Google’s Chrome OS is a lightweight, secure operating system that was originally built around Google’s Chrome web browser, but which has become more versatile over the years with a built-in file manager, media player and other tools… and optional support for running Android and Linux apps.
Most folks who use Chrome OS probably bought a Chromebook with the operating pre-installed. But now Google is making it easy to turn pretty much any PC into a Chromebook with the release of Chrome OS Flex. It’s unclear if all Chrome OS features will be available though.
In a nutshell, Chrome OS Flex is a version of Google’s operating system that you can download and install on virtually any PC or Mac. The operating system is free to use and receives automatic feature updates and bug fixes on the same schedule as Chromebooks that ship with the operating system.
Chrome OS Flex is currently available as an “early access” project, and Google notes that users may notice some instability or other problems. But if that doesn’t scare you off, you can sign up to get a download link and installation instructions for preparing a bootable flash drive that you can use to take Chrome OS for a test drive on your computer before deciding whether to install the operating system to local storage.
Google is positioning Chrome OS Flex as a solution for folks with older hardware that might have dated specs or compatibility issues with the latest versions of Windows or macOS. And Google’s timing seems particularly good for folks who may be hanging onto older Windows PCs, since many of them won’t officially support Windows 11 (although Windows 10 will continue to be supported through 2025).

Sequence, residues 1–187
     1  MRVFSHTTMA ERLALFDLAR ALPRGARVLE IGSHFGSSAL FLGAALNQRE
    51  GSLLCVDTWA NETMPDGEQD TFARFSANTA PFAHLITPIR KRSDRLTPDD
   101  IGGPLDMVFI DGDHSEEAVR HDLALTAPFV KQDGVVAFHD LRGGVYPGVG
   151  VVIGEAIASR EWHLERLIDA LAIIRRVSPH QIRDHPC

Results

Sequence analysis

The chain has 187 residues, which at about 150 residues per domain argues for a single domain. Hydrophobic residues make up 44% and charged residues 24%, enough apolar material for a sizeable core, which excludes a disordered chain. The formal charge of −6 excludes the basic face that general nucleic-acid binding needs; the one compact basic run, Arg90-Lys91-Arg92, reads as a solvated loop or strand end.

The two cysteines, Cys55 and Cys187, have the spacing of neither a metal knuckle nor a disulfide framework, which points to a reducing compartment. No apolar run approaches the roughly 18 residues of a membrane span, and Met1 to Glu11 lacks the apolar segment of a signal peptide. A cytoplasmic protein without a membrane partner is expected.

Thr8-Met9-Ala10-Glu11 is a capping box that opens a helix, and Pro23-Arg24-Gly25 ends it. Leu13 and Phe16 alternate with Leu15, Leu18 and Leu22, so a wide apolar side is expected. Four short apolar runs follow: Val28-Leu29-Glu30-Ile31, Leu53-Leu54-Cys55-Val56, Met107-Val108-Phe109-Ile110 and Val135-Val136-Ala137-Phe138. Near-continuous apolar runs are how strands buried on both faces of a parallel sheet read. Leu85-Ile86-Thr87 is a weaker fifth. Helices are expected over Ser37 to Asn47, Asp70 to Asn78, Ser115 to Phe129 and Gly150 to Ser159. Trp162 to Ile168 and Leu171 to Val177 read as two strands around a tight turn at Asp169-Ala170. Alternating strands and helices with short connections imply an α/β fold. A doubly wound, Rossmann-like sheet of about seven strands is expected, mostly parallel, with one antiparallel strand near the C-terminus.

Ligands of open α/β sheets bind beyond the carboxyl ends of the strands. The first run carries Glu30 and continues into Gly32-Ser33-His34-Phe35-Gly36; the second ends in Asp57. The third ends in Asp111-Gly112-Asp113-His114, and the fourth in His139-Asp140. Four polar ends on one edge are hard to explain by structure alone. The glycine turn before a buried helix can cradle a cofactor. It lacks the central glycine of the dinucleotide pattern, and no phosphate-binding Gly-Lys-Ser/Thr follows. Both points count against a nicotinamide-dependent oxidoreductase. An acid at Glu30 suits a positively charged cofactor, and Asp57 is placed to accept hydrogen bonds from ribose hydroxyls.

Sure, there are other options – if your old computer can run Chrome OS, it can probably run Ubuntu or another GNU/Linux distribution. But Chrome OS is simple, fast, and fairly familiar for millions of users who may not be comfortable learning an operating system that works as differently as most desktop Linux distros.
There’s also an option for a Chrome Enterprise Upgrade, which will bring support for network administrator features including advanced security services, controlled updates, and granular device controls. This could come in handy for business, government, or educational institutions that want to repurpose old hardware rather than investing in new Chromebooks or other computers.
In fact, the enterprise and education markets are probably Google’s main target for Chrome OS Flex, but it’s available for anyone to use.
One thing to keep in mind though, is that while many Chrome OS features including Google Assistant and Phone Hub are coming to Chrome OS Flex, it’s unclear if support for Android or Linux apps will follow suit. As Android Police points out, neither was supported by CloudReady, the software that Chrome OS Flex is based on. And Google says Android apps are not supported by Chrome OS Flex either, while Linux apps are only supported on some fully certified computer models.
Chrome OS Flex isn’t an entirely new product. It’s the Google-branded version of CloudReady, a service that has allowed you to turn an old PC into a Chromebook since 2015. Google acquired CloudReady maker Neverware in 2020 and last summer it became clear that the company was planning to release its own version of the software.